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Multi-user equipment approved in grant 2017/27265-5: QuantStudio real-time PCR system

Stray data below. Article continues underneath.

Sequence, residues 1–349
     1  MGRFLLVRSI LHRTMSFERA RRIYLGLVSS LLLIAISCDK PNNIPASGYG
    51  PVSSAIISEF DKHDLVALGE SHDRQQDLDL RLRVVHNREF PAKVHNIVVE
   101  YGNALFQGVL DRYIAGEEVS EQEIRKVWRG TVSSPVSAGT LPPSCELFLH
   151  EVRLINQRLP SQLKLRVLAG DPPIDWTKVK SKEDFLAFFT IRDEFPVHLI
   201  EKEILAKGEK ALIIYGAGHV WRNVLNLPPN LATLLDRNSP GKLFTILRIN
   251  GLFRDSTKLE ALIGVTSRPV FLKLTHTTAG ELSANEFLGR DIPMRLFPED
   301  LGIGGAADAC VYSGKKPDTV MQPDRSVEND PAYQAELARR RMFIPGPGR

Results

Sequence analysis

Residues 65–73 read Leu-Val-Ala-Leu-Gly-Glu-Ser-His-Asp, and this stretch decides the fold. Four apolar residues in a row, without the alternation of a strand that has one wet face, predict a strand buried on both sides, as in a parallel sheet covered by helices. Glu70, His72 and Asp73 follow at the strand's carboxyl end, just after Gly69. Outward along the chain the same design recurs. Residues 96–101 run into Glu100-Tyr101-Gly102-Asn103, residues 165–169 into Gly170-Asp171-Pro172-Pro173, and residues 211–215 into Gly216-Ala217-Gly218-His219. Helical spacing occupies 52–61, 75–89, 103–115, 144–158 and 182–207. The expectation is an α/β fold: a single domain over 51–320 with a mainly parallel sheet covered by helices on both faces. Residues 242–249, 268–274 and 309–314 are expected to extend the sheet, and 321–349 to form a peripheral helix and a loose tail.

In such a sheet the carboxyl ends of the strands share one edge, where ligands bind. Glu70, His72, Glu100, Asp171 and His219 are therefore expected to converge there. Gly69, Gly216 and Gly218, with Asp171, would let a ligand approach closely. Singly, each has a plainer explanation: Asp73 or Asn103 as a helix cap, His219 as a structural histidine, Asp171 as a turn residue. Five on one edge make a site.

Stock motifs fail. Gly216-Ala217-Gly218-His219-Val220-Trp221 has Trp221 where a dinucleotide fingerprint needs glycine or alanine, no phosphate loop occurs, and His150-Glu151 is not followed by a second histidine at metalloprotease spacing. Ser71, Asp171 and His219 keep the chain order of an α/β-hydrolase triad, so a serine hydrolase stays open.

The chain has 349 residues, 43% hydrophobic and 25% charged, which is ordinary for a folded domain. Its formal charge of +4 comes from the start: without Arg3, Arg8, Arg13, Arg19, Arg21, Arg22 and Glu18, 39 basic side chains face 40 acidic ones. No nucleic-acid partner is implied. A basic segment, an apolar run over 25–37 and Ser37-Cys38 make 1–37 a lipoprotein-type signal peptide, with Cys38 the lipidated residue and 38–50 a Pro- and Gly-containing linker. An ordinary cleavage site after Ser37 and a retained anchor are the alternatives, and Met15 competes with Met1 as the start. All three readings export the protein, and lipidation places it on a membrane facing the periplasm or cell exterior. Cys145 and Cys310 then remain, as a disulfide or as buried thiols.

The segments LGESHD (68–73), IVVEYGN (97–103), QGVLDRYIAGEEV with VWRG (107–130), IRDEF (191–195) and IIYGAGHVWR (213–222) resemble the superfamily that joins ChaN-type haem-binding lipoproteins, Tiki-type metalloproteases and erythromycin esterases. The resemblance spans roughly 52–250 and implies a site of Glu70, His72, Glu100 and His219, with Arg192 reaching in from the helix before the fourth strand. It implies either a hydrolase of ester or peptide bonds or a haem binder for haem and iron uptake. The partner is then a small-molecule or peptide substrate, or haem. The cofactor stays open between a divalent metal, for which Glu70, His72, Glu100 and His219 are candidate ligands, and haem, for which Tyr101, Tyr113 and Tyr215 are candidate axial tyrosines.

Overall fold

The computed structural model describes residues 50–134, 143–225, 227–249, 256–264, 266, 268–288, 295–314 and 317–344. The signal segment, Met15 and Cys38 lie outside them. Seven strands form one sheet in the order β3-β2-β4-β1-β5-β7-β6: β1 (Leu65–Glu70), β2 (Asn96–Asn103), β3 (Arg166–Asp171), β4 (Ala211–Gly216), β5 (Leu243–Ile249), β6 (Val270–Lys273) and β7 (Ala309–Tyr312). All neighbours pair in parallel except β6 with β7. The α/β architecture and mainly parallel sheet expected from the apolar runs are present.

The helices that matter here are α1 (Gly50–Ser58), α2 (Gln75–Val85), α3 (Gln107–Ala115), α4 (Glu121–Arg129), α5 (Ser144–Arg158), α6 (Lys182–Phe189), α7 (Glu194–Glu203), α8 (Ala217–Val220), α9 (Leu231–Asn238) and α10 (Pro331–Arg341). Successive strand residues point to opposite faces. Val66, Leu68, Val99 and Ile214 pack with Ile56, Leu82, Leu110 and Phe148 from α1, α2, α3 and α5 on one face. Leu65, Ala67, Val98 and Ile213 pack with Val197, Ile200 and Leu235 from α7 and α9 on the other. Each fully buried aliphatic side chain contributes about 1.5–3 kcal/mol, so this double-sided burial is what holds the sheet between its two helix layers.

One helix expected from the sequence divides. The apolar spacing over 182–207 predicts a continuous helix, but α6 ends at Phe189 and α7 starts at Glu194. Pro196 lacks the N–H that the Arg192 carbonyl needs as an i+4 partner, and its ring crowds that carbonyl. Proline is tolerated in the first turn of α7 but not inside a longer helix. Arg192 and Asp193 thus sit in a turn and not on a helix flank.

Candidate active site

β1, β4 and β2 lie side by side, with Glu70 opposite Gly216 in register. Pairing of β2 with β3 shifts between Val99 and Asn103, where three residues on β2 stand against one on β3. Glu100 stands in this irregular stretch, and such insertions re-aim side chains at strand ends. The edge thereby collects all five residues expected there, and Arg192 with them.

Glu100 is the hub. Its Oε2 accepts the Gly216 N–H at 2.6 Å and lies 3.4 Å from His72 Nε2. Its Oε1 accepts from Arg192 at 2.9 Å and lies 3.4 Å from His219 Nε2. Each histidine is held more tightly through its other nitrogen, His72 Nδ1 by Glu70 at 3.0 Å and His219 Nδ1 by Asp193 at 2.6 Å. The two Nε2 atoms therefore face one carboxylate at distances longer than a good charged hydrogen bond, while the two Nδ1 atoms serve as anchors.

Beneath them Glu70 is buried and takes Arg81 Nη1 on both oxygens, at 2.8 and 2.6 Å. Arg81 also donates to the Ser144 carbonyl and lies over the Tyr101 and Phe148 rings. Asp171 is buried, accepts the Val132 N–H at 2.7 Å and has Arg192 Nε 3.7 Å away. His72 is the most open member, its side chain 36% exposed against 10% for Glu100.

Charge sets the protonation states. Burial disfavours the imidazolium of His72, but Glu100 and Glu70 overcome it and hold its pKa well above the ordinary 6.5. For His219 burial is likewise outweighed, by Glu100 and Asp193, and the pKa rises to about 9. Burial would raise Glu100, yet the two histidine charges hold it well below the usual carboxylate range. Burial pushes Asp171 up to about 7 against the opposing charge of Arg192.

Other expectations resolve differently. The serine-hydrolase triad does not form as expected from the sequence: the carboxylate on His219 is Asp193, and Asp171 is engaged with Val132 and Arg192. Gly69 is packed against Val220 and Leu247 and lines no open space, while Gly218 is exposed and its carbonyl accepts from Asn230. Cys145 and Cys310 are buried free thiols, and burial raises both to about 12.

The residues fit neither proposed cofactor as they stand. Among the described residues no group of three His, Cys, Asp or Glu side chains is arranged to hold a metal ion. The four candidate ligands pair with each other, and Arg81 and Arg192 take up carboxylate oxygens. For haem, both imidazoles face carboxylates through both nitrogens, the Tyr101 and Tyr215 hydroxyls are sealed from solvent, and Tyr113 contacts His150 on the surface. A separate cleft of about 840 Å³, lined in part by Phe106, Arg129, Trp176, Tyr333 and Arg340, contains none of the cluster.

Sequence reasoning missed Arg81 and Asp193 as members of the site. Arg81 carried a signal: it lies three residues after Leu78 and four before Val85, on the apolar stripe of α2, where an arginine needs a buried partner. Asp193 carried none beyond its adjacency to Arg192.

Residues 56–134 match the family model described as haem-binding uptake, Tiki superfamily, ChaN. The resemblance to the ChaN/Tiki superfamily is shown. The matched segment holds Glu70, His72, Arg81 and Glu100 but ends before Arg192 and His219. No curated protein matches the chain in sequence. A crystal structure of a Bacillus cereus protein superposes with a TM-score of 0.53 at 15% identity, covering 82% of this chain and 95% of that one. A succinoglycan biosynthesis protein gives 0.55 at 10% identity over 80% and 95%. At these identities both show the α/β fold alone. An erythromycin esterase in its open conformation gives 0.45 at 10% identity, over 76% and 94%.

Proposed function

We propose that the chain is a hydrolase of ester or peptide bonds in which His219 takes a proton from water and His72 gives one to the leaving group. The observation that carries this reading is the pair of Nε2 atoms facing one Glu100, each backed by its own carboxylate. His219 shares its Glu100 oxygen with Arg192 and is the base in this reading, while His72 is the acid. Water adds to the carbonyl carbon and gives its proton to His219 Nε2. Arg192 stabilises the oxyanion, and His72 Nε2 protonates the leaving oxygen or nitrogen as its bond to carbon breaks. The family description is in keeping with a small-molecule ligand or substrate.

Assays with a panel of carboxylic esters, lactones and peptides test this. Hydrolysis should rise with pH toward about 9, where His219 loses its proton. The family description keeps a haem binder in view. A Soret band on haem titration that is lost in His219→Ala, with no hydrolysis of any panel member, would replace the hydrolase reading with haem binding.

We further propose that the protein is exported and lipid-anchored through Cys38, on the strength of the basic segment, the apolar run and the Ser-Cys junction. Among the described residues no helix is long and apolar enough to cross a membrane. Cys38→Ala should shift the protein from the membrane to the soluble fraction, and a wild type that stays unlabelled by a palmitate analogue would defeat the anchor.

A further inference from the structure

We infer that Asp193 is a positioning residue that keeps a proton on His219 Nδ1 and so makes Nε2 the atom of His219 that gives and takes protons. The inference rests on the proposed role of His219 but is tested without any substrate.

Fungal diseases kill more than 1.5 million individuals and affect more than one billion people annually around the world. These infections are still neglected by public health authorities, although most deaths are preventable. In this project, we propose to explore emerging pathogens among some of the main Brazilian mycoses, including aspergillosis, fusariosis, sporotrichosis, and paracoccidioidomycosis, integrating study systems (epidemiology, diagnosis, and genomics), expanding national and international networking. Our aims are to identify, diagnose and understand how fungal epidemics develop. The first topic of this project uses molecular epidemiology methods to investigate the pathogen-host-environment interplay, disease transmission pathways, and disease emergence. Key issues such as epidemiology, population structure, genetic diversity and host association will be extensively explored. The second topic aims to identify new genetic and proteomic markers that can be used in the early diagnosis of fungal infections using as the main strategy the detection of a marker in tissue samples and biological fluids. Diagnostic tests are essential for patient follow-up and disease control. Misdiagnosis or lack thereof results in public health problems, whether due to failure to treat or inadequate therapy. The third topic employs next-generation sequencing and comparative genomics for molecular typing as well as understanding the evolution and dispersion of fungal epidemics, making it possible to track current outbreaks and epidemics in Brazil. These pieces of information provide a unique opportunity to study the biology and evolution of medically-relevant fungi. Our experimental approach is a first step towards recognizing epidemiological and evolutionary trajectories of pathogens aiming to propose better public health policies to contain fungal epidemics and therefore reduce the number of infections in animals and humans or prevent the emergence of new pathogens. (AU)

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